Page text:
United States: New California Decision Favors Employees Who Receive Bonus Pay

On March 5, 2018, the California Supreme Court issued a decision concerning the way that certain bonus pay affects the calculation of an employee's regular rate under California Labor Code § 510 for purposes of determining overtime. Because this involves employee wages, claims that can reach back as far as four years, the impact on employers could be significant.

The essential facts of Alvarado v. Dart Container Corporation (2018) 2018 WL 11446645 are fairly straightforward. Employees who were scheduled to work on a Saturday or a Sunday, and who worked that scheduled shift, received a flat-sum bonus of $15.00 per day of weekend work. This bonus was paid irrespective of the number of hours worked during the particular pay period. For purposes of determining an employee's Labor Code § 510 regular rate of pay when calculating overtime, the employer spread this bonus across all hours worked during the pay period, both straight time and overtime hours. Consequently, the more hours an employee worked during the pay period, the smaller the increase in the employer's calculation of the "regular rate" when adding the flat-sum bonus. The employee sued, arguing that the flat-sum bonus should have been spread across non-overtime hours, only. The trial court and the appellate court agreed with the employer. The California Supreme Court, however, reversed, concluding that because overtime wage rules were intended to discourage overtime, the calculation more favorable to the employee – and so presumably more discouraging to requiring an employee to work overtime – was the appropriate method to apply.

In order to reach this conclusion, the court relied on an express provision of the Enforcement Policies and Interpretation Manual published by the California Division of Labor Standards and Enforcement ("DLSE"). This might not seem like a remarkable result, except that in order to do this, the court had to analyze its way around a string of cases standing for the proposition that the DLSE's Enforcement Manual consisted of policies that were void – i.e., not controlling – because they had not been promulgated in accordance with the Administrative Procedures Act. The analytical gymnastics were made necessary in part by the fact that a federal wage rule supported the employer's position.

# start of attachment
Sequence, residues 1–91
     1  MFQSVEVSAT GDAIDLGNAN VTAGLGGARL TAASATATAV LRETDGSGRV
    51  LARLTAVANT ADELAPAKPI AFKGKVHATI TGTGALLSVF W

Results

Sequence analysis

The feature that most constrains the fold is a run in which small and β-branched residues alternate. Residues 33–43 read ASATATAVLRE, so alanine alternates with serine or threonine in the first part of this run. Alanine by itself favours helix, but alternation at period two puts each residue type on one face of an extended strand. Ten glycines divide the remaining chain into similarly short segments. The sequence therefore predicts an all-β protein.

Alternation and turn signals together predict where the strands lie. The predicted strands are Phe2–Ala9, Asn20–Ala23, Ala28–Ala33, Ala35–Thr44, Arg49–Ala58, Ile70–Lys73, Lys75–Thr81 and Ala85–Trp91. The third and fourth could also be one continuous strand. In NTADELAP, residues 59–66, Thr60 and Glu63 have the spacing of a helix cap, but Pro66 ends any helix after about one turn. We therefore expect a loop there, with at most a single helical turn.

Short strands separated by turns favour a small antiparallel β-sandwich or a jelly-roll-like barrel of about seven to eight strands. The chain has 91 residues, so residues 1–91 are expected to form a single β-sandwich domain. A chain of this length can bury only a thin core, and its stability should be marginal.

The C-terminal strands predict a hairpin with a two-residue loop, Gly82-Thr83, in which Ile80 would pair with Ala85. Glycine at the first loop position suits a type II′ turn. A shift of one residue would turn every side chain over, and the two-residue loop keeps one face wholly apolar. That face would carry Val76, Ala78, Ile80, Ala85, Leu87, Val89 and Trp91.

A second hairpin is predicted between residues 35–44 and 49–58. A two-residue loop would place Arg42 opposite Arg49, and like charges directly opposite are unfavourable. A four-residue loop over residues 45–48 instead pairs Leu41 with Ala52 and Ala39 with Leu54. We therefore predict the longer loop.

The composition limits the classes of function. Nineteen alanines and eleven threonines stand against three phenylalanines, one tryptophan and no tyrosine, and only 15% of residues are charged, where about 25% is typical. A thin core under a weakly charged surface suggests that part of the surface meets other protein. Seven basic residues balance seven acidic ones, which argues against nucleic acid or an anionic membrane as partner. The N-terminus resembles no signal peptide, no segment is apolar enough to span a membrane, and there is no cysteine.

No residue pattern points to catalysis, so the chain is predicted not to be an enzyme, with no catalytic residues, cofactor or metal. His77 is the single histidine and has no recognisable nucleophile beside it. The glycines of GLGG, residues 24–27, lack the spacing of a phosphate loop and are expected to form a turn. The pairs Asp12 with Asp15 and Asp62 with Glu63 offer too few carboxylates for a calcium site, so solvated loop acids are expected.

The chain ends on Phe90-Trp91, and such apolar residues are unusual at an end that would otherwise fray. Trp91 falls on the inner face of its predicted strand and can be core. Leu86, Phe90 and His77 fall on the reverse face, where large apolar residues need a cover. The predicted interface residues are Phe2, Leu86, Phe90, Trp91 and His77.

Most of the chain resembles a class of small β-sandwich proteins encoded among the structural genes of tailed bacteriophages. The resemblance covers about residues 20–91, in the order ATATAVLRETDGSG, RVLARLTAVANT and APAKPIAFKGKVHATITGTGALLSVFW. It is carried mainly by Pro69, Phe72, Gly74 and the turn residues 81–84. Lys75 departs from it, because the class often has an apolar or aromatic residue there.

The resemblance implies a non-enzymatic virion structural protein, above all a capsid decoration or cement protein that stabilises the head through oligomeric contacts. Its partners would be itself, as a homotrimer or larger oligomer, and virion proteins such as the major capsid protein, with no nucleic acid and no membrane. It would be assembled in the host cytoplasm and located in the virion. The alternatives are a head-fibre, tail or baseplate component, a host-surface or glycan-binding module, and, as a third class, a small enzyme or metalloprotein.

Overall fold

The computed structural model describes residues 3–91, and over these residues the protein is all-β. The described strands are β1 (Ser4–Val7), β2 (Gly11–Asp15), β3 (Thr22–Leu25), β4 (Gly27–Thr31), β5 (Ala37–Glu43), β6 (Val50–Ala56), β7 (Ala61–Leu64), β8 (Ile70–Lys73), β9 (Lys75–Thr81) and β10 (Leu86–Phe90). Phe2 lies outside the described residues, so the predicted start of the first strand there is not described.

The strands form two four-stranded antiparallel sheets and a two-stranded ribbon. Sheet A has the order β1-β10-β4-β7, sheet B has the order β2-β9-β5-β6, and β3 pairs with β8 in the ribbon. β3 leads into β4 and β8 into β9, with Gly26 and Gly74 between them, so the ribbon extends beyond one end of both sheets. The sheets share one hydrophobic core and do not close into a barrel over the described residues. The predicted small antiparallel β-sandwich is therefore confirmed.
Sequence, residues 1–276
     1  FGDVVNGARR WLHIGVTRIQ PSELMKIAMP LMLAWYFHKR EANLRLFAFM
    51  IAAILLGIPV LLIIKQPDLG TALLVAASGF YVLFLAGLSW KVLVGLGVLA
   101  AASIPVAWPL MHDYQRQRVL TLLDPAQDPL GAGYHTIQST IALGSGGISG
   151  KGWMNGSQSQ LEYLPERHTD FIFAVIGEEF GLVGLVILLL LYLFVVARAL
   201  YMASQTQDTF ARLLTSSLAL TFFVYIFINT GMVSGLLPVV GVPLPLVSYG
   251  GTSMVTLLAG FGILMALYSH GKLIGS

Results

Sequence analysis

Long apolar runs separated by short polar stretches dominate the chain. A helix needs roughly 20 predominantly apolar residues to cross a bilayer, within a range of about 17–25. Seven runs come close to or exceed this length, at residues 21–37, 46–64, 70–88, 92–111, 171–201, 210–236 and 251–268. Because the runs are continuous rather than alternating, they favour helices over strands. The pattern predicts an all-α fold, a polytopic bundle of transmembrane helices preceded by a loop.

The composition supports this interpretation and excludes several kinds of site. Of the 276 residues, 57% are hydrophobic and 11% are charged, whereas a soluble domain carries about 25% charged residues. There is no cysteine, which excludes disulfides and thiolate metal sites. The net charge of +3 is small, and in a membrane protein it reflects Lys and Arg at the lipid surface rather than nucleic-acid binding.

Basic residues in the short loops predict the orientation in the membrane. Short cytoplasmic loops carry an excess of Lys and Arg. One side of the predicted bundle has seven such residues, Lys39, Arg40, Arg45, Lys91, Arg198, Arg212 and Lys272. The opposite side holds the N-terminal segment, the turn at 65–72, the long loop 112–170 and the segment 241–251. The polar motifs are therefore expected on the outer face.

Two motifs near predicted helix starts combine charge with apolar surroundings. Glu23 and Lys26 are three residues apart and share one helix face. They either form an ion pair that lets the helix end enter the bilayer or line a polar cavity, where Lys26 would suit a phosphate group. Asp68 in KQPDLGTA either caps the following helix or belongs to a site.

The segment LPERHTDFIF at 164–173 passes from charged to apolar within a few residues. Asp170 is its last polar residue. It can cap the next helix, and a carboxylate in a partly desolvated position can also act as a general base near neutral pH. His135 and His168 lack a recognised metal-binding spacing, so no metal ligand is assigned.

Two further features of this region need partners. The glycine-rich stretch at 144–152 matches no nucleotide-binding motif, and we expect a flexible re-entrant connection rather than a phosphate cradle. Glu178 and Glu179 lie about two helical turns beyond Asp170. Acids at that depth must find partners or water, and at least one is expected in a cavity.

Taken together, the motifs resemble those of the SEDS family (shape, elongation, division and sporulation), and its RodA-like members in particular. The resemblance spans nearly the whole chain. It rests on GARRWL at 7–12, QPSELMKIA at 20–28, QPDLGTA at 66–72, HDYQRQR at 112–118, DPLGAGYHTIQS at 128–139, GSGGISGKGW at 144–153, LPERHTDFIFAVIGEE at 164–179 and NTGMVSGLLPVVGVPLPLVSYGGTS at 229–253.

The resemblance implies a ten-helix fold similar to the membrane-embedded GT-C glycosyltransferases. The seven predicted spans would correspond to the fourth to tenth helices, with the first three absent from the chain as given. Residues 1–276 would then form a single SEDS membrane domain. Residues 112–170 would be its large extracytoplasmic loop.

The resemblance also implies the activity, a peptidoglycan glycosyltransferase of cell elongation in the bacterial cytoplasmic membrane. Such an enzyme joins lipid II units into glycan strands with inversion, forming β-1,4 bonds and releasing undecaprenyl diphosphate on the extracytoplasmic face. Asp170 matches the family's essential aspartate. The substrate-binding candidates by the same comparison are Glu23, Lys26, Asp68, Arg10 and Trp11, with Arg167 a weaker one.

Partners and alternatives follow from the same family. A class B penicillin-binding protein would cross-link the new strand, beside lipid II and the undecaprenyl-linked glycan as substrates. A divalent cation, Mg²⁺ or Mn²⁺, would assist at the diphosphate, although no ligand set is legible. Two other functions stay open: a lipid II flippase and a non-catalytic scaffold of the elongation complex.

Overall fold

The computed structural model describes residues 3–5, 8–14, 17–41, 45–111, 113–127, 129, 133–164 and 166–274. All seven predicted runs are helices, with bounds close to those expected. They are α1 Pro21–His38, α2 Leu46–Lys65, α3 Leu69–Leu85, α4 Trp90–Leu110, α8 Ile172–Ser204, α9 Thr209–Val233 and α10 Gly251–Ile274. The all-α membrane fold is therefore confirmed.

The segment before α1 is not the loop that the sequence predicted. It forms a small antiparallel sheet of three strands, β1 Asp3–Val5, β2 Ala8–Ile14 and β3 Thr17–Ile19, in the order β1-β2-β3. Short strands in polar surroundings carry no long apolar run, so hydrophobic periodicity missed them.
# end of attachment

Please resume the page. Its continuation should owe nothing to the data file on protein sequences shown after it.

In the end, the court could not avoid the weight of prior authority holding that the DLSE Enforcement Manual provision was a void regulation. Despite that, the court decided that it still could rely on the DLSE Enforcement Manual provision so long as the court, in the exercise of its independent judgment, concluded that the provision correctly interpreted the relevant statutes.

The extended Administrative Procedures Act discussion notwithstanding, the rationale for the court's decision actually was rather simple: "[I]n deciding how to factor a flat sum bonus into an employee's overtime pay rate, we are obligated to prefer an interpretation that discourages employers from imposing overtime work and that favors the protection of employee's interests." Alvarado, 2018 WL 1146645, *9. In other words, choose the analysis that favors the employee.

The court did appear to distinguish between bonuses that are used simply to ensure that an employee remains employed, i.e., shows up for work as scheduled, and those which are "a reward 'for each hour of work'". In the latter case, it might be permissible to spread the bonus across all hours worked, including overtime hours, as the bonus arguably is given to encourage the increased number of hours worked.

It is important to note that the decision in Alvarado not only prohibits spreading a flat-sum bonus across overtime hours, it also prohibits spreading the bonus across an assumed regular 40-hour week. The flat-sum bonus is spread across non-overtime hours actually worked, only. The court noted – but was not troubled by – the reality that this rule has the effect of increasing the regular hourly rate the lower the number of regular hours actually worked, finding "that [the] disparity simply is in the nature of what a flat sum bonus is." Alvarado, 2018 WL 1146645 at *13.

For employers that pay a flat-sum (or any) bonus that is not based on the number of hours worked, but instead is based simply on the fact of showing up for work, the Alvarado decision requires that those bonuses be applied only to the non-overtime hours actually worked when calculating the regular rate needed to determine overtime under California Labor Code § 510. It is that rate which, in turn, is used to calculate the appropriate overtime rate (time-and-a-half or double-time).

Employers should review all bonus programs and consult with their advisors to assess whether Alvarado requires a change in how the Labor Code § 510 regular rate is calculated depending on the particular bonus. Given the serious wage & hour enforcement tools available to California employees, both the bonus program review and any appropriate changes should be seen to promptly.

The content of this article is intended to provide a general guide to the subject matter. Specialist advice should be sought about your specific circumstances.

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